What is EPA’s Action Level for Radon and What does it mean?

The national and international health agencies are responsible for addressing the health risk caused by indoor radon and regulating its remediation process. The Environmental Protection Agency (EPA), is one of the independent executive agencies that has been tasked by the federal government of the United States to deal with environmental protection matters. To keep everyone safe from the harmful effects of radon gas, EPA created awareness by setting an action level for radon. This article discusses what EPA recommends homeowners to do once radon gas readings reach a certain level and what it means to you and your family’s health.

EPA’s Action Level for Radon

The EPA has developed remediation methods for effectively reducing radon levels in an attempt to reduce the risk of developing lung cancer because of radon exposure.

Presence of radon gas in the air

Radon is measured in picocuries per liter (pCi/L) which estimates the number of radon picocuries that are available in one liter of air.  A picocurie is a trillionth of a curie and a curie is a measurement of radioactivity.

The average indoor radon concentration level in America’s homes is considered to be about 1.3 pCi/L and the outdoor radon concentration level at 4 pCi/L. According to the EPA, you should have your home fixed if your radon level reads a maximum of 4 pCi/L or more. Since there is no safe level for radon exposure, the EPA further recommends fixing your home if the radon levels range between 2pCi/L and 4pCi/L. It is considered much safer if you can keep your radon level readings below what EPA recommends since it reduces your risk of exposure largely.

What Does It Mean?

  • Test Your Home For Radon

The fact that radon is an odorless and colorless gas does not mean you can determine its concentration levels in your home. It is easy to test for radon since this process only takes a few minutes to get results. You can find some low-cost radon test kits in hardware stores or other retail outlets in your area. If you are not sure whether you are getting accurate results, consider hiring a professional radon mitigation specialist to do the testing for you. A short test is less likely to give you detailed results because radon levels may vary from day to day or between seasons. Consider a long-term test to determine your year-round average level of radon exposure in your home.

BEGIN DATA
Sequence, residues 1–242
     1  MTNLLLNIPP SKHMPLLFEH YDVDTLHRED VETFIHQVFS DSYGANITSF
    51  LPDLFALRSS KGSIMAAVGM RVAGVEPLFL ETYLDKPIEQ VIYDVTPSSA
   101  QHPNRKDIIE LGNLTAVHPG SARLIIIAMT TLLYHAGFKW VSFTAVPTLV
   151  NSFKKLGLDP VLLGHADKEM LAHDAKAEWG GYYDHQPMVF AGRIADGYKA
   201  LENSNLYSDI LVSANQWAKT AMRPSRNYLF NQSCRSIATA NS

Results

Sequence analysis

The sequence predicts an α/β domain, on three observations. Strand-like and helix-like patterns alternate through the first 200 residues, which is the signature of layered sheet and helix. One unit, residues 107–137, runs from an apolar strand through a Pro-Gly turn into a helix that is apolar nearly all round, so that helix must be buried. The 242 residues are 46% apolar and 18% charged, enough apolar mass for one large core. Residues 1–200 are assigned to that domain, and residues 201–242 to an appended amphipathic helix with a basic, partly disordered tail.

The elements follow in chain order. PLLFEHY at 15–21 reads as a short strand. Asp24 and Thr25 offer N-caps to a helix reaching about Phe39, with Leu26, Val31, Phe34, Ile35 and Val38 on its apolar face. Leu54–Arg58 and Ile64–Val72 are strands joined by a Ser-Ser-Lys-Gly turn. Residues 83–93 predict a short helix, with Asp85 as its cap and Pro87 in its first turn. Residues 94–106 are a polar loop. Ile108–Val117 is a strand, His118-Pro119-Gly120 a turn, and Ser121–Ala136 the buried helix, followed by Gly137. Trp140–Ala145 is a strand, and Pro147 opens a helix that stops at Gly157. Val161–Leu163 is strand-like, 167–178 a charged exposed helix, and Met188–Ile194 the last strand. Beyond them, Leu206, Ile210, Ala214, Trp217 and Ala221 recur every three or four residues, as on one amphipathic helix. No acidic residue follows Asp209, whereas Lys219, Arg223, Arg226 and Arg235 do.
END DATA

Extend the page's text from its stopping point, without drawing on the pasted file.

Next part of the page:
• Fix The Radon Problem In Your Home

One of the commonly used methods of radon remediation is the use of a vent pipe system and a fan. This remediation method works by extracting radon from beneath the house and then venting it outside (soil suction). This radon mitigation system does not require major adjustments to your home. All you need to do once the extraction process is complete is to seal off foundation cracks and any openings that could let in radon gas into your home. Professional radon contractors may use different remediation methods depending on the design of your home among other factors.

  • Keep The Radon Readings At The Lowest Level Possible

It is not easy to get rid of radon gas completely from your home but you can do something more to keep the levels at a bare minimum. As discussed before, there is no “safe” level of radon and the EPA recommended action level only acts as a warning signal to take action. This means that the lower your radon level readings, the safer you and your family can be because of the minimized exposure to radon.

The Risk of Living with Radon

Exposure to radon gas over extended periods could cause decayed radioactive particles to get trapped inside your lungs with every breath you take. These particles release minimal bursts of energy as they break down further, damaging the lung tissue. If this process continues over a prolonged period, it could lead to lung cancer, a deadly chronic disease that greatly affects your lifestyle. There is still some uncertainty about the extent of health risks caused by radon exposure. However, what stands out most is that it can cause lung cancer as seen in several cancer studies conducted in underground miners who were exposed to radon for long periods. If this problem is not addressed in time, it could pose a significant risk to your family’s health. 

Your chances of getting lung cancer from constant exposure to radon depend on the level of radon gas in your home, how long you are exposed and whether you have an underlying health condition or smoke often. It is important to keep radon levels at a minimum than the EPA’s recommended action level to ensure that you and your family are protected from harmful side effects of radon.